Thermodynamic fluctuations of pressure, density, temperature or entropy
$\{p^{\prime },\unicode[STIX]{x1D70C}^{\prime },T^{\prime },s^{\prime }\}$
in compressible aerodynamic turbulence, although generated by the flow, are fundamentally related to one another by the thermodynamic equation of state. Ratios between non-dimensional root-mean-square (r.m.s.) levels (
$\text{CV}_{p^{\prime }}:=\bar{p}^{-1}\,p_{rms}^{\prime }$
,
$\text{CV}_{\unicode[STIX]{x1D70C}^{\prime }}:=\bar{\unicode[STIX]{x1D70C}}^{-1}\,\unicode[STIX]{x1D70C}_{rms}^{\prime }$
,
$\text{CV}_{T^{\prime }}:=\bar{T}^{-1}\,T_{rms}^{\prime }$
), along with all possible 2-moment correlation coefficients
$\{c_{\unicode[STIX]{x1D70C}^{\prime }T^{\prime }},c_{p^{\prime }\unicode[STIX]{x1D70C}^{\prime }},c_{p^{\prime }T^{\prime }},c_{s^{\prime }\unicode[STIX]{x1D70C}^{\prime }},c_{s^{\prime }T^{\prime }},c_{s^{\prime }p^{\prime }}\}$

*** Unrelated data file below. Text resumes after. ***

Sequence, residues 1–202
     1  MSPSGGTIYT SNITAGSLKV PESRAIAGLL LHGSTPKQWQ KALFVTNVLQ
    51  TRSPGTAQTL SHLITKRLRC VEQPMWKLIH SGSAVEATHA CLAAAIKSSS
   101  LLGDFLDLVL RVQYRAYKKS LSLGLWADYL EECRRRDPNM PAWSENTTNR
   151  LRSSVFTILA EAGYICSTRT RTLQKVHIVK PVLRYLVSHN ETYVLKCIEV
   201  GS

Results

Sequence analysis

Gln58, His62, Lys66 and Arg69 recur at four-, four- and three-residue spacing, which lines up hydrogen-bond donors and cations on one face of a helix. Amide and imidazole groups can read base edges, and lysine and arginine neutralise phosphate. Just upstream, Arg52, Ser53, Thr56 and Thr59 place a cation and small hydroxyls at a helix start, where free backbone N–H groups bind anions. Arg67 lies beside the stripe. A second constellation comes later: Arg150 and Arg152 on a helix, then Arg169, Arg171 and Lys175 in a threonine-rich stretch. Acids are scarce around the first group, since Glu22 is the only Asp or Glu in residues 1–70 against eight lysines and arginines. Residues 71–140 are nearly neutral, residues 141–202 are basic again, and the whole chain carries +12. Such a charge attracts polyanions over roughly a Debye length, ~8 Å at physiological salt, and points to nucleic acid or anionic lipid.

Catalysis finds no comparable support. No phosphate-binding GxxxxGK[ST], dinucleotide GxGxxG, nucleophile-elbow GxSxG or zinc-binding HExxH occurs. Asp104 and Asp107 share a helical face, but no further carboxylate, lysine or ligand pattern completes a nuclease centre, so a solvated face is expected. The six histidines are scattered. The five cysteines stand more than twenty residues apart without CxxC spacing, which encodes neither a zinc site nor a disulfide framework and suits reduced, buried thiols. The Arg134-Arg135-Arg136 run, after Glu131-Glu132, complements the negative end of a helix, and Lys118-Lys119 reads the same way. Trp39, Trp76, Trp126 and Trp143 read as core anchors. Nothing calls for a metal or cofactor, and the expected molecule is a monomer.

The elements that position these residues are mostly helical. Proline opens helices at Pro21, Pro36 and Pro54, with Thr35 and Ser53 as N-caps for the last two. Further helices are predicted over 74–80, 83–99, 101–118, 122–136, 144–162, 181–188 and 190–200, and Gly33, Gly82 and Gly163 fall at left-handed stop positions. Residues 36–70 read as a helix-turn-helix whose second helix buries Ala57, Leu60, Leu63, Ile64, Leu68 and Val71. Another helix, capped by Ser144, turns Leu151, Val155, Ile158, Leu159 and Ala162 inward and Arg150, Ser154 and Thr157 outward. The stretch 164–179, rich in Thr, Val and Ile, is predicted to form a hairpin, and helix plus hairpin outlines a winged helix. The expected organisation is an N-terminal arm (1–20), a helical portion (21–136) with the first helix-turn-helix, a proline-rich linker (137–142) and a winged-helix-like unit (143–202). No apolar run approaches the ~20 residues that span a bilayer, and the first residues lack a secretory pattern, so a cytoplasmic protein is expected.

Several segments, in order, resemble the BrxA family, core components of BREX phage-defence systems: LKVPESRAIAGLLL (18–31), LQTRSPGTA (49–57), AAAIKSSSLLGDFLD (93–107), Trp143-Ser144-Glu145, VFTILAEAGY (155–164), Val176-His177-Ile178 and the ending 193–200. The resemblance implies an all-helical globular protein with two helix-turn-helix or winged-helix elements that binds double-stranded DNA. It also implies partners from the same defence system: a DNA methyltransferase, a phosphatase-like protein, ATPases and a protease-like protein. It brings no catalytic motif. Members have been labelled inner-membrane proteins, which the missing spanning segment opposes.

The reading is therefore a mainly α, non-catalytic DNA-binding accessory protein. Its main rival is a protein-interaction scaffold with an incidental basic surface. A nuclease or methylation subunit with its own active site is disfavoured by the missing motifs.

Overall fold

, represent, in the sense of Bradshaw (Annu. Rev. Fluid Mech., vol. 9, 1977, pp. 33–54), the thermodynamic turbulence structure of the flow. We use direct numerical simulation (DNS) data, both for plane channel flow and for sustained homogeneous isotropic turbulence, to determine the range of validity of the leading-order, formally
$O(\text{CV}_{\unicode[STIX]{x1D70C}^{\prime }})$
, approximations of the exact relations between thermodynamic turbulence structure parameters. Available DNS data are mapped on the
$(\text{CV}_{\unicode[STIX]{x1D70C}^{\prime }}^{-1}\,\text{CV}_{T^{\prime }},c_{\unicode[STIX]{x1D70C}^{\prime }T^{\prime }})$
-plane and their loci, identified using the leading-order approximations, highlight specific behaviour for different flows or flow regions. For the particular case of sustained compressible homogeneous isotropic turbulence, it is shown that the DNS data collapse onto a single curve corresponding to
$c_{s^{\prime }T^{\prime }}\approxeq 0.2$
(for air flow), while the approximation
$c_{s^{\prime }p^{\prime }}\approxeq 0$
fits reasonably well wall turbulence DNS data, providing building blocks towards the construction of simple phenomenological models.